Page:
How to Select Window Frames for Your New House
For window frames, there’s more than meets the eye. Frames exist not just for aesthetics, but for the window’s structural support. The window frame sandwiches the window with its anatomy divided like so: the head side (the top), the sill side (the bottom), and the jambs (its sides).
Beyond Looks: Window Frame Functionality
Don’t underestimate how much a window frame can impact your energy efficiency. All parts of a window are essential in your home’s energy conservation because after all, a window is nothing more than an opening and a potential spot of vulnerability.
When a window’s poorly constructed or cheap, air or water will leak in. Air leakage means energy inefficiency and higher monthly bills. Water, however, can wreak unspeakable damage, calling need for costly repairs.
So, when it’s that time to upgrade your window frames for your new house, know that you’ll be cutting down on energy loss and enhancing your window’s structural support. All of this contributes to the curb appeal and resale value. An all-around win-win.
Window frames can be comprised of multiple different materials, but the five main ones are: aluminum, composite, vinyl, fiberglass, and wood. Selecting new window frames for your home are all about deciding which material you want to go with. Not only will it determine the look of your house, but the cost and energy efficiency, too.
Each material type possesses its own unique pros and cons:
Any sort of metal window frame is lightweight, strong, and requires very little upkeep in terms of maintenance. These frames are affordable, but there’s a catch. They’re not very good at insulating because the metal conducts heat rapidly.
For energy efficiency, aluminum frames aren’t the best option. While you can purchase metal frames with thermal strips that run along the frame and sash, it’s better to select a material that costs a little more but provides more efficient insulation—you’ll save in the long-run.
What is composite, exactly? This material is a mixture of wood particles and plastic. Wood alone isn’t as durable as composite, but the plastic additive is what makes this material more durable and less fussy.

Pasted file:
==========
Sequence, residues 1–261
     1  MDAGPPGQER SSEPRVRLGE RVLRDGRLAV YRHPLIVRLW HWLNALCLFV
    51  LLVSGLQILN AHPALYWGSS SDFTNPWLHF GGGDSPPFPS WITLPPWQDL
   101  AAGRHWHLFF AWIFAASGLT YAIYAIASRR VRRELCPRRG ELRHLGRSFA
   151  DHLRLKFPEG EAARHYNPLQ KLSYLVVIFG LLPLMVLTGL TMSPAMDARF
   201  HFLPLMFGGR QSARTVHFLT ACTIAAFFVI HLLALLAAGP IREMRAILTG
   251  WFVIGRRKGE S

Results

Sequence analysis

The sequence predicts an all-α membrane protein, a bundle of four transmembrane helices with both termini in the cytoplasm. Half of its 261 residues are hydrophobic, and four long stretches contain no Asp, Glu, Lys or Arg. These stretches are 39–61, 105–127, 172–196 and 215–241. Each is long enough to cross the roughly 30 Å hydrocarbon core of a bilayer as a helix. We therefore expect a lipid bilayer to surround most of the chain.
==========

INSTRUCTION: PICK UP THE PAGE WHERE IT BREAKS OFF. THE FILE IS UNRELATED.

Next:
Wood frames demand regular maintenance, but with composite, you get the natural look of wood without all the upkeep, plus it has energy efficiency equal to vinyl. The downside with composite is that to get the look of wood’s beauty without tending to it, you do pay the price.
Perhaps the most popular material for window frames, vinyl offers a suitable balance between affordability, longevity, and efficiency. Vinyl is composed of UV-resistant PVC, so you’re already starting off on the right foot for your window components.
There’s no need to paint or sand them, as you would with other materials, and they hardly need fixing. Vinyl window frames are much better at handling temperature shifts. On top of that, more window companies are including superb vinyl colors that are appealing to the eye. Lastly, these frames are easy to re-caulk so you can maintain a good seal and prevent potential drafts.
You can’t beat the appearance of wood frames. Classic, traditional, and able to match any architectural style, wood frames are unparalleled in their beauty, and you don’t have to sacrifice energy efficiency, either. However, they are demanding in their upkeep with problems like wood rot and surface splintering and are also quite expensive when you’re replacing or installing new.
Fiberglass window frames offer top-tier quality in terms of durability, insulation, and thermal performance, all while being low-maintenance. These frames are expensive, no doubt, but with fiberglass, you’ll see its positive effects in no time.
Your New Window Frame Checklist
When selecting window frames for your new house, it’s all about material. While there is aesthetics to consider (aluminum looks vastly different than wood, after all), you’ll want to instead switch your focus to these characteristics:
How long will this material last? It’s a new home, so you’ll want to make your window frames an investment that will have as long of a lifetime as your home.
It’s hard to think about resale value after you’ve just moved in, but if this isn’t your “forever home” you’ll definitely want to make these big investment choices that will appeal to the next home buyer.
Do you live in a consistently sunny climate or in the Midwest, known for dramatic temperature swings? Climate is an important element in deciding your window frame material. Vinyl is better at handling extreme temperature changes, whereas wood and composite are more sensitive.
Ask yourself how often you want to take up the chore of having to paint, sand, or stain your window frames? If the beauty of wood means a little extra TLC is worth the work to you, then wood frames it is, but if you’d rather just buy frames you’ll never have to touch again, then try fiberglass or vinyl.
What many homeowners don’t realize with window frames is that there’s much more to them than just how they appear. That’s why it’s essential to know your options for materials, how they perform, and how long they’ll last. Windows are a big investment, just like a home, so taking the time to understand frame functionality really means getting more bang for your buck.
Find a Reputable Company
It’s important to go with a company that’s reputable and trustworthy. This is especially true when you’re window shopping. At Feldco, we have decades of experience serving many homeowners in the Midwest with great quality vinyl frame windows.
That’s why over 400,000 homeowners chose Feldco for their home improvement needs since 1976. We have great local services and 8 showroom locations across Illinois, Iowa and Wisconsin within a large service area. Lastly, Feldco is home to a wonderful staff and professional installers that are ready to replace your windows. Speak to a product specialist and get a free quote online today.